Rethinking The Need For WSUS

Windows Server Update Services, along with a growing list of other traditional Microsoft server products, seems to be in ‘maintenance mode’ at best. It’s been on my mind as to whether they’re going to release a cloud based version in Azure (unless they already have something like that and I’ve missed it) or if they’re going the route that I think they are: just update from the internet and don’t worry about it, which seems to be the answer when looking at Windows Autopilot. As long as the OS is a modern Windows OS (Windows 10 or Windows Server 2016 based) updates seem to better and more focused on drivers and cumulative updates. The days of Silverlight being installed on your server seem to be over.

A little while ago I saw a comment on reddit about ditching WSUS altogether and going straight to Microsoft Update over the internet – if the bandwidth was available. The commenter suggested that if you had ~500Mbps and up you should be fine, although I would suggest that another factor to consider is how many devices you have that will be getting updates. My previous job had been at a place with only 100Mbps internet for ~1000 devices, so obviously this would have been out of the question. At my current post, the bandwidth is much, much greater and so I started to seriously consider it.

Apple’s OS X Server had an update manager back in the day although I wouldn’t be surprised if that’s not available anymore, and Adobe used to have a product for managing updates too – but again I’m not sure if that’s currently available these days. Google don’t have an on-prem update service for Android devices and so I had to honestly ask myself why continue to use WSUS? Now, I’m not crazy. I accept that generally we have a lot more Windows devices than Google/Apple/or Adobe software and perhaps you do want that control over which updates are deployed and I’m not going to be dropping WSUS on Monday morning, but I have started looking at my deployment process for Windows 10 and Windows Server 2016 to use WU for updates and not my local WSUS. A benefit of this specific case is that driver installation can be done much more easily as Windows Update has a pretty good driver store and this will be a huge time saver for me. Again, I understand problematic drivers do get through into WU and so this isn’t going to work for every device, but if it saves time when preparing for new devices to be deployed then I think it’ll be worth it. For any problematic devices I can still use the ‘total driver control’ method I currently use. Also, consumer devices, Microsoft’s Surface range and another devices which are off site do currently get drivers/firmware etc. from WU and they seem to be doing just fine. Maybe this is the future, at least for some. It’s up to you.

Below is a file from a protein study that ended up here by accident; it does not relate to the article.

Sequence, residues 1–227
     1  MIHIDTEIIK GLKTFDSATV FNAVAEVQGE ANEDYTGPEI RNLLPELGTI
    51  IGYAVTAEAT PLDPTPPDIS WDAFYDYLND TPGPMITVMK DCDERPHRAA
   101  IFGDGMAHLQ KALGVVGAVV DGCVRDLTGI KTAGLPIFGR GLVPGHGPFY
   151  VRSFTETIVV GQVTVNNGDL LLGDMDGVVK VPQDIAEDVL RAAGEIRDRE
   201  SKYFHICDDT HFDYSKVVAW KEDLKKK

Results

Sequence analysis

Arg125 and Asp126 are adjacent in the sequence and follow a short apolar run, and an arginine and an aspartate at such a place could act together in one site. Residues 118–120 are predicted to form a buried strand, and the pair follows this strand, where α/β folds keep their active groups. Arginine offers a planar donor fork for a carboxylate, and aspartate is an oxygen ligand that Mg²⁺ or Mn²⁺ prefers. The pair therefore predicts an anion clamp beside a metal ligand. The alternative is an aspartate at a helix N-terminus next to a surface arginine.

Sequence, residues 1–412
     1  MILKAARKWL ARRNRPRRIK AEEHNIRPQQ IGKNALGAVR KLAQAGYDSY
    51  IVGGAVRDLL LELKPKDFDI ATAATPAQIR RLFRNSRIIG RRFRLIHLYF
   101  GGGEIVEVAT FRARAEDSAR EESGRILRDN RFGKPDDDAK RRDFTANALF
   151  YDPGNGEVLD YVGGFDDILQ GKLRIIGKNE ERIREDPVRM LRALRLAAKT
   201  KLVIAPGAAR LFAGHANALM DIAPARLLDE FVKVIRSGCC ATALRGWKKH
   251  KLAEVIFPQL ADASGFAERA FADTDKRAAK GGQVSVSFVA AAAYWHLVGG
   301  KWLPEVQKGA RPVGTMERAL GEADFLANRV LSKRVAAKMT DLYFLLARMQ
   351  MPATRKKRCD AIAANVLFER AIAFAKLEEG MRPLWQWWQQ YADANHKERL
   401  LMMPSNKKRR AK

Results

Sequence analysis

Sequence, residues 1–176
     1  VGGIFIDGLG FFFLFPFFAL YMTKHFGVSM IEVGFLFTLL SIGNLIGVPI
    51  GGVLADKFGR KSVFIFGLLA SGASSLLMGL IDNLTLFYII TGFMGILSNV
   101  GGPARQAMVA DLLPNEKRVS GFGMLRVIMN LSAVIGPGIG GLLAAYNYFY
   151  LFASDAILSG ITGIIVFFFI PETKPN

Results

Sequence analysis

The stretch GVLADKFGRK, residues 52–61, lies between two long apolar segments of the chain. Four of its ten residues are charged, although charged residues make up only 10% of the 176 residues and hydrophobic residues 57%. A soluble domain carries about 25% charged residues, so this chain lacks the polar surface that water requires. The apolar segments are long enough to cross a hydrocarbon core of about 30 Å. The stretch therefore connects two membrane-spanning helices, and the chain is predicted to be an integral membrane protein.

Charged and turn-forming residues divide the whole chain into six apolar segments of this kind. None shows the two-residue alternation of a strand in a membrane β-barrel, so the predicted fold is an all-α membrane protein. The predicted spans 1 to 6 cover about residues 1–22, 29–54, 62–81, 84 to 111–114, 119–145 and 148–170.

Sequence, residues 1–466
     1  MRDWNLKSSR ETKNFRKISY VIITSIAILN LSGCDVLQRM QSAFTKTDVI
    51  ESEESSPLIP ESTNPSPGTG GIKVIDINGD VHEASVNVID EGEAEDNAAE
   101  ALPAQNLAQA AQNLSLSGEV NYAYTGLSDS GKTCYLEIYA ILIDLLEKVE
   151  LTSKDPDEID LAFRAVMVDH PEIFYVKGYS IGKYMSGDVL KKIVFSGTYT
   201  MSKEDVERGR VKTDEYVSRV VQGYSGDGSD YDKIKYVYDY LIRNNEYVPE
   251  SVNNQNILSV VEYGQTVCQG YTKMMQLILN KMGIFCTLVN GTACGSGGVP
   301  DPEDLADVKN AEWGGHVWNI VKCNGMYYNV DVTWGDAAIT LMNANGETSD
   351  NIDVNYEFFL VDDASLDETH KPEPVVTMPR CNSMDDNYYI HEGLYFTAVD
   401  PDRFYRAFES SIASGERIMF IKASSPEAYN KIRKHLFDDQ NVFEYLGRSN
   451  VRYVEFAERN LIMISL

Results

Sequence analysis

-Mike

Twitter – @Digressive

2 Comments Add yours

  1. Brian Minerly says:

    I’ve been trying to think of a way to eliminate WSUS from my build process as well, but don’t want to turn to Windows Update. Would using PDQ Deploy to apply the latest monthly rollup be sufficient?

    Like

    1. Mike Galvin says:

      Hi Brian,

      Yes I would think so. I’m not familiar with PDQ Deploy of the top of my head, but using any other type of deployment software to assist with updates should work. You may have other updates for additional pieces of Microsoft software that are installed of course, but yes, it should work.

      -Mike

      Like

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